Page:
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Modern and Contemporary Art
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Photo credit: Yale University Art Gallery
PrevNext2 of 2
Photo credit: Yale University Art Gallery
Artist: El Lissitzky, Russian, active in Germany, 1890–1941

Proun 99

ca. 1923–25

Water soluble and metallic paint on wood

129 x 99.1 cm (50 13/16 x 39 in.) framed: 134.3 x 105.09 x 5.08 cm (52 7/8 x 41 3/8 x 2 in.)
Gift of Collection Société Anonyme
1941.548

El Lissitzky was a designer, typographer, architect, and photographer affiliated with the Soviet Constructivist and Suprematist movements. He studied and worked as an architect and engineer in Germany and Russia before receiving an invitation from Marc Chagall in 1919 to teach at the Vitebsk School of Art in Belarus. There he encountered painter Kasimir Malevich, the recent founder of the Suprematist movement, which strove to create a style of purely non-objective painting comprised of a language of geometric forms. In 1920 Lissitzky coined the term “Proun”—an acronym for the Russian words meaning “project for the affirmation of the new”—to refer to a series of abstract works that combined the Suprematist lexicon of geometric, monochromatic forms with tools of architectural rendering. In Proun 99, the large composite object that dominates the upper left quadrant could either be a cube or a recessed meeting of three planes. The gridded triangle at the bottom appears to create a sense of depth, yet the elements above it seem to exist in their own, gravity-less space. Through constructing a complex dimensional space that hovers between the coherent and the impossible, Lissitzky strives to evoke utopia—literally “no place”—and to achieve the task of inventing a new art for a post-revolutionary Soviet society.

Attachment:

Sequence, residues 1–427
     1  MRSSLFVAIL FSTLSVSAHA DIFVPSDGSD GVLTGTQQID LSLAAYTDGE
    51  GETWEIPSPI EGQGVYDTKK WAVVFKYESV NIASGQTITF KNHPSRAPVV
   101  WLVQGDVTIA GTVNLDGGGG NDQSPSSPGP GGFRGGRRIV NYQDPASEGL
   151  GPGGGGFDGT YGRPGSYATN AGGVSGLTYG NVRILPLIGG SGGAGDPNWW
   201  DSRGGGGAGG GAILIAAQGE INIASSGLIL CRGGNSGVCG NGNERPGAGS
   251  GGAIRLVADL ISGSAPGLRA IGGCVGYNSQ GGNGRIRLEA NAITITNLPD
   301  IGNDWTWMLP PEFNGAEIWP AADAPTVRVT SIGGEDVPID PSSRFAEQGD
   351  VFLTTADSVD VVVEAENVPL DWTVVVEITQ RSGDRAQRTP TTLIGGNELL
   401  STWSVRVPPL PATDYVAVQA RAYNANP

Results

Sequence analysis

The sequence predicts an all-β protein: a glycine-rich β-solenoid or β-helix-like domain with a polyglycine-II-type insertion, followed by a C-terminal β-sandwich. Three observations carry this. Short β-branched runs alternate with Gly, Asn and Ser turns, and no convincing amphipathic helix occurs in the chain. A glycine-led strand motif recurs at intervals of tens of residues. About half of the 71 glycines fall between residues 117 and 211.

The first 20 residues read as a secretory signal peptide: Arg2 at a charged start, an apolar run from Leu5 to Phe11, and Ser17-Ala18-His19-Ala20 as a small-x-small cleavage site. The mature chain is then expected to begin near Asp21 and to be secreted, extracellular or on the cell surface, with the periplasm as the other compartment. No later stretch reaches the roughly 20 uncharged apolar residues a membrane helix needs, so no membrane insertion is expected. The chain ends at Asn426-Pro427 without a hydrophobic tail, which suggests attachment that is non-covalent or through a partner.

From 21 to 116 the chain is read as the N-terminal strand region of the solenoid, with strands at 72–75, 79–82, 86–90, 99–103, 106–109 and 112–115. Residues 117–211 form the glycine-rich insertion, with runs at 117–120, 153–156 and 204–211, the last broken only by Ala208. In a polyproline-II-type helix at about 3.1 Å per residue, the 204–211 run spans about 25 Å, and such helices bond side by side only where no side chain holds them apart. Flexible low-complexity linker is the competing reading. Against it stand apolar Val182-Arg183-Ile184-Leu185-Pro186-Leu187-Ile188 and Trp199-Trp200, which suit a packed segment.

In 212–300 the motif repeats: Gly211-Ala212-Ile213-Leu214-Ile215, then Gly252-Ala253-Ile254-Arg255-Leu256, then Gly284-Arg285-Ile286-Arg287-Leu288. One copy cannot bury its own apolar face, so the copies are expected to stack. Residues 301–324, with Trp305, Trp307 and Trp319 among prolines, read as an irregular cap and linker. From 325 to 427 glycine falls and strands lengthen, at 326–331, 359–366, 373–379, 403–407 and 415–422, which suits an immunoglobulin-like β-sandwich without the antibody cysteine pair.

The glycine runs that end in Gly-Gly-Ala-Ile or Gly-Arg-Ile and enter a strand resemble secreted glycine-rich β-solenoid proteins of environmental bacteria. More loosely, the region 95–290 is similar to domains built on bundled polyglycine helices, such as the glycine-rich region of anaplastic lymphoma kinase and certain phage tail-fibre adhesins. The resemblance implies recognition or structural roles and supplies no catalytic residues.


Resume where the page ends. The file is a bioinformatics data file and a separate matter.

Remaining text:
Culture: 
Russian
Period: 
20th century
Classification: 
Paintings
Status: 
Not on view
Bibliography: 

Collection of the Société Anonyme: Museum of Modern Art 1920 (New Haven, Conn.: Yale University Art Gallery, 1950), 158–59, ill.

Ruth L. Bohan, The Société Anonyme’s Brooklyn Exhibition: Katherine Dreier and Modernism in America (Ann Arbor, Mich.: University of Michigan Research Press, 1982), 148, fig. 12.

Robert L. Herbert, Eleanor S. Apter, and Elise K. Kenney, The Société Anonyme and the Dreier Bequest at Yale University: A Catalogue Raisonné (New Haven, Conn.: Yale University Press, 1984), 420, no. 437, ill.

Ruth L. Bohan et al., The Société Anonyme: Modernism for America, ed. Jennifer Gross, exh. cat. (New Haven, Conn.: Yale University Art Gallery, 2006), 110, fig. 16.

Ani Boyajian and Mark Rutkoski, Stuart Davis: A Catalogue Raisonné, 3 vols. (New Haven, Conn.: Yale University Art Gallery, 2007), 1:61, fig. 4.

Harry Cooper and Barbara Haskell, Stuart Davis: In Full Swing, exh. cat. (Washington, DC: National Gallery of Art, 2016), 164, ill.

Matthew S. Witkovsky et al., Revoliutsiia! Demonstratsiia!: Soviet Art Put to the Test, exh. cat. (Chicago: The Art Institute of Chicago, 2017), 280–87.

Note: This electronic record was created from historic documentation that does not necessarily reflect the Yale University Art Gallery’s complete or current knowledge about the object. Review and updating of such records is ongoing.

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